The Afro-Latino Origins of the Famous Song, ’Sopa De Caracol’
Image courtesy of Nuestro Stories.
I’ve always loved the sort of randomness you find when you go through the archives of Latin music over the generations. The further you dive into the rabbit hole, the more interesting it becomes.
Equally beautiful, energetic, and sometimes nonsensical, these songs were the songs we grew up with; those from generations past that somehow made their way into our brains.
Maybe it was the Saturday morning ritual of being forced out of bed to help clean the house. Maybe it was the late-night dance party in the living room while all the cousins slept over. These songs stayed alive, like the melodic stories of yesteryear.
In this instance, we’re talking about the song “Sopa de Caracol,” roughly translated as Snail, or Shell Song, depending on who you ask.
The interesting story of a musical hit
The song was released in the early 90s by Banda Blanca, a Honduran punta rock group whose lead singer and songwriter Juan Pompilio “Pilo” Tejeda wrote the song in a mixture of Spanish and Garifuna. The song peaked at #1 on the Billboard Top Latin Songs in the United States.
However, the origins of this song are much older.
During the slave trade, hundreds upon thousands of people were being stolen from their homes and forced onto ships to be sold and traded among colonizers.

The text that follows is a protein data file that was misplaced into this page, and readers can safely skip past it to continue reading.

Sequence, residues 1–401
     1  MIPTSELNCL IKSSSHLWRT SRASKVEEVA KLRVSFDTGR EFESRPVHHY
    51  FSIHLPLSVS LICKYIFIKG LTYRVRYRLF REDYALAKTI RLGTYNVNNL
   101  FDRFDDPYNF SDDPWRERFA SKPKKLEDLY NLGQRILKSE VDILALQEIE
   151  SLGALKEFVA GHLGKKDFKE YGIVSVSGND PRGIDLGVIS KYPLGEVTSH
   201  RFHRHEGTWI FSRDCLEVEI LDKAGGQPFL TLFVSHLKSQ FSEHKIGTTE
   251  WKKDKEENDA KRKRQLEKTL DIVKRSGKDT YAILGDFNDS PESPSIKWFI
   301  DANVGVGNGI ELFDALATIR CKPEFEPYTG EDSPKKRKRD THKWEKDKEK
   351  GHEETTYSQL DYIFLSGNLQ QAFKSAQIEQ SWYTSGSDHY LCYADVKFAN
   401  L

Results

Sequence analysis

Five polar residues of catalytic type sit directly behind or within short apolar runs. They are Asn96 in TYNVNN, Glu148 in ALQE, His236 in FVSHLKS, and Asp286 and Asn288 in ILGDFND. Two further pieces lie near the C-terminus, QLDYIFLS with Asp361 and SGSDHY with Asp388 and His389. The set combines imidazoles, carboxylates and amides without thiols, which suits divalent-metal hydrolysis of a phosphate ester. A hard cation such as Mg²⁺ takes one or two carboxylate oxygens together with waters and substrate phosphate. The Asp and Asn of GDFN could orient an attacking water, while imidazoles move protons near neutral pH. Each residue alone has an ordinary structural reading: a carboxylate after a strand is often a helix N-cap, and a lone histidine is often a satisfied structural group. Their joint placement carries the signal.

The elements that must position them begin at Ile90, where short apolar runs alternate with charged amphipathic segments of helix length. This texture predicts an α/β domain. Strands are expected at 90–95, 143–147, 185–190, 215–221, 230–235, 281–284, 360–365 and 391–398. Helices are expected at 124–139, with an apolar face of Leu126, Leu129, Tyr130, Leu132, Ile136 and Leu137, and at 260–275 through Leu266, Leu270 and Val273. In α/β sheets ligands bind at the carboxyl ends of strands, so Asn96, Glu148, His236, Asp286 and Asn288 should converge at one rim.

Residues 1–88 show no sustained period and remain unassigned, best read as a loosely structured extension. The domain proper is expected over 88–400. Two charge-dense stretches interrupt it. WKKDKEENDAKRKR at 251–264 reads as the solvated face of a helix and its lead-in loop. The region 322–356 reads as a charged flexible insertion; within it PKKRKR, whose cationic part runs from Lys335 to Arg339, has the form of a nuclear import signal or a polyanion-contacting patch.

The Garifuna are the descendants of a slave ship that shipwrecked off the island of St. Vincent in the Caribbean. They came together with the Arawak Indians of the island and lived a fairly isolated life until they were forced to flee a violent rebellion on the island.
Many of the Garifuna migrated to Honduras, where the influence of the Garifuna music, language, and energy made its way into the culture. That influence remained, whether known or unknown, as time passed—reaching Pilo Tejedas's ears.
Ramos infused Garifuna into “Sopa de Caracol,” and that influence spread worldwide.
The song itself combines English and Spanish words, what the Afro community of Honduras calls "la garífuna."
For example, "watanegui consup" means "I want to eat soup." "Wuli Wani Wanaga," means "I want to keep enjoying it. And "lupipati lupipati" would translate as "one part for you, one part for me."
Although it doesn’t quite make sense, it doesn’t need to. It grabs you by the hips and forces you to move whether you want to or not.
The song is a celebration.
It also happens to be a delicious bowl of soup — sopa de caracol — but that’s a recipe for another day.
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Olivia Monahan Chicana journalist, editor, educator, and organizer in Sacramento whose sole focus is to shed light on stories on our most impacted and marginalized communities, but even more importantly, for those stories to humanize those normally left out. She is an Ida B Wells Investigative Journalism Fellow 2022 Finalist, a member of the Parenting Journalists Society, and has bylines in The Courier, The Sacramento Bee, The Americano, Submerge Magazine among others.